Wim Muller, an associate fellow in international law at Chatham House, takes issue with my observation that China's rejection of Annex VII UNCLOS Arbitration may have influenced Russia's similar rejection of UNCLOS proceedings in the Greenpeace arbitration.  Other commenters take issue with my further claim that Russia's rejection is another "body blow" to ITLOS dispute settlement. I offer my ("typically...

[Update below] It looks like China has started a trend. In a surprising statement (at least to me), Russia has announced it will not participate in the ITLOS arbitration brought by the Netherlands related to the detention of Greenpeace activists last month. “The Russian side has informed the Netherlands and the International Tribunal for the Law of the Sea that it...

China's U.N. Ambassador made a typically anodyne statement recently to the U.N. General Assembly on the Rule of Law at National and International Levels. But there are a few interesting nuggets worth noting that reflect China's skeptical attitude toward international adjudication. Anyone who follows the Chinese government's diplomatic statements will know that it repeatedly stresses the U.N. Charter's obligation on states to seek...

In my previous post on the Taylor appeal, I noted two troubling aspects of the Appeals Chamber's judgment concerning customary international law: (1) its erroneous belief that legal principles that narrow criminal responsibility have to have a customary foundation; and (2) its hypocritical affirmation that recklesness is the mens rea of aiding and abetting (which goes beyond the ICTY and ICTR)...

I'm late to this story, which has already outraged Greenpeace and other supporters worldwide. Greenpeace activists who were seized while protesting against Arctic oil drilling face up to 15 years in a Russian jail after being formally charged with piracy. The 14 charged include four British nationals. Kieron Bryan, a freelance videographer, and the activists Alexandra Harris, Philip Ball and Anthony Perrett were all accused of...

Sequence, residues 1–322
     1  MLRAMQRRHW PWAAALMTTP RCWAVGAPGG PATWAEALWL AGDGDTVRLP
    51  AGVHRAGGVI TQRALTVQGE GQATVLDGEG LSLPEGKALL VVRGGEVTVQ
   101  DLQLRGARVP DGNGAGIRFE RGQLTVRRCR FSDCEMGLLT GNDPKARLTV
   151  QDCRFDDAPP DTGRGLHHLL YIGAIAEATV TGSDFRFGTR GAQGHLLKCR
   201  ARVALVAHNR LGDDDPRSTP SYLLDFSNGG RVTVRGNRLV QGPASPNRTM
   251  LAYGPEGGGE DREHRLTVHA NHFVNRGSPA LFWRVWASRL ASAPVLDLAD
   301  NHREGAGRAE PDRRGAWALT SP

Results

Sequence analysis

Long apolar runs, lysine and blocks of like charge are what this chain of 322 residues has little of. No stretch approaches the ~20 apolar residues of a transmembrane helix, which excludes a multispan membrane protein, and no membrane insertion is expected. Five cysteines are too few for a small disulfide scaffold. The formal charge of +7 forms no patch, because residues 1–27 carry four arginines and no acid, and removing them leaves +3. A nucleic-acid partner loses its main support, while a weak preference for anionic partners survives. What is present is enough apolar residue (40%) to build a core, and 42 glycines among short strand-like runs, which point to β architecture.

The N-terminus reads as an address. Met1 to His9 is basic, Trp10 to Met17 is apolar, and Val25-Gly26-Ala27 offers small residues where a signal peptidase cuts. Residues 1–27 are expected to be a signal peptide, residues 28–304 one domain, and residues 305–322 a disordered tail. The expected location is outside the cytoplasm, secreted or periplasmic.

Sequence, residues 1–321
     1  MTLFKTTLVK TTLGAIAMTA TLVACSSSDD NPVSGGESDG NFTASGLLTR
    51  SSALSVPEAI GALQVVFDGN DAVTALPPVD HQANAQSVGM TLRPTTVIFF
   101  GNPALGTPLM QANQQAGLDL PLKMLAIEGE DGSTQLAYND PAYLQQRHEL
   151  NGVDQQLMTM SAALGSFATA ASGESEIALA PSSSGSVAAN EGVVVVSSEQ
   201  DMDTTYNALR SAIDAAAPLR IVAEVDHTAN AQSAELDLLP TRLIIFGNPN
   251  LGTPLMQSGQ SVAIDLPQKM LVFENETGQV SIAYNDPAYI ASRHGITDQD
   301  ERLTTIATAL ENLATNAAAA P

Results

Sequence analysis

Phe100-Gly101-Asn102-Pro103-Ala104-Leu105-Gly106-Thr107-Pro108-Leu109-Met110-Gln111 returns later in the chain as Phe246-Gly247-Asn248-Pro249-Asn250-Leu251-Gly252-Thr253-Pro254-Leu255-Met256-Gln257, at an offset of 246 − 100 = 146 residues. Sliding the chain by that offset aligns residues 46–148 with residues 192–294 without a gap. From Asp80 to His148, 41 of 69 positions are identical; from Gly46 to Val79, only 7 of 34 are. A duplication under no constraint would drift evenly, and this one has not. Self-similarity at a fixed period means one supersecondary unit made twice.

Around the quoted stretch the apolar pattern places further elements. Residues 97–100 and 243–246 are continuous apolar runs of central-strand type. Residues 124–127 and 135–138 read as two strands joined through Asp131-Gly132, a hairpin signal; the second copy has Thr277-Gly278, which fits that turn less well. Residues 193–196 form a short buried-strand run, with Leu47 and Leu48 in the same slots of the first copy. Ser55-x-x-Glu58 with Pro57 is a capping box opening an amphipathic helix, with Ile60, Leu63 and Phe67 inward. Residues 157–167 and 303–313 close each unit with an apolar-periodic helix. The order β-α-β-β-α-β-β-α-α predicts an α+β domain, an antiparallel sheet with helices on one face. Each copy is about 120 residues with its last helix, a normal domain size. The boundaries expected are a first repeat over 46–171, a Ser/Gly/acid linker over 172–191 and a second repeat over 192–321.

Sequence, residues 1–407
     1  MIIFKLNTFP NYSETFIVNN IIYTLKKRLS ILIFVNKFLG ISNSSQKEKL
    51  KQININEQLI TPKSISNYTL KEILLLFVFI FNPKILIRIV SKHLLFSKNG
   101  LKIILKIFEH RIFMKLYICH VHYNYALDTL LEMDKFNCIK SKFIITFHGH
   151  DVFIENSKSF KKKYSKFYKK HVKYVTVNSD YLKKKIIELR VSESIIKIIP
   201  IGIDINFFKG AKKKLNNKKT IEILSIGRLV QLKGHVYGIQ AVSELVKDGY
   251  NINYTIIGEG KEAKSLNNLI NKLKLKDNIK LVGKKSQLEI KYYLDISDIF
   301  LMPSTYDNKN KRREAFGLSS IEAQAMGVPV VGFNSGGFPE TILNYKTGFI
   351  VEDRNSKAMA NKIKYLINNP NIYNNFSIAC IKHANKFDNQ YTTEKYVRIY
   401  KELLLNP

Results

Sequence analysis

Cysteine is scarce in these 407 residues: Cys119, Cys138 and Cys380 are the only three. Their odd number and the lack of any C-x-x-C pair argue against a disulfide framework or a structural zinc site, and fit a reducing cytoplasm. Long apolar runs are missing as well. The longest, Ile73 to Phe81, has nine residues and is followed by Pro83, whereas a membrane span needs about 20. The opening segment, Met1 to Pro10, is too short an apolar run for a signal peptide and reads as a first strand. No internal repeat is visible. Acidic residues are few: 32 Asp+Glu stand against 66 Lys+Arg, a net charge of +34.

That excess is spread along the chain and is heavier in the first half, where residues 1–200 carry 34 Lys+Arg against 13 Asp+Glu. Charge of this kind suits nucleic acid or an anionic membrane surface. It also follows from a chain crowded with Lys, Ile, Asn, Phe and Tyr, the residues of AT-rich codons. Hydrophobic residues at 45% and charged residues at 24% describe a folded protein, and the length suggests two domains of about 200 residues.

[Judge Howard Morrison is a Judge at the ICTY and the ICC] Dr. Philipp Ambach deals with a topic that is contemporary and contentious. In a world where the globalisation of most aspects of human life and endeavour is readily apparent it cannot be that case that those who engage in commercial, and often highly profitable, enterprises that have an impact upon...

As one commenter to Ken's post on the draft UN Security Council Resolution notes, there will be no Security Council referral to the ICC on Syria. Currently there is one paragraph in the draft resolution expressing the Security Council's "strong conviction that those individuals responsible for the use of chemical weapons in the Syrian Arab Republic should be held accountable;"  That's not...

Wow! I kind of assumed all the posturing and tough talk from U.S. and ICC officials would scare off Sudan's President Bashir from visiting NY next week to address the UN General Assembly.  But it appears he really is coming. Sudanese President Omar Hassan al-Bashir, wanted by the International Criminal Court on genocide charges, said on Sunday he planned to attend...

Recent commentary on Bashir’s request for a US visa to attend the 68th General Assembly has focused on US obligations to grant Bashir a visa under Section 11 of the UN – US Headquarters Agreement. See Julian's post here. Pursuant to this agreement, there is little doubt that the US must permit his transit to the UN despite the fact that...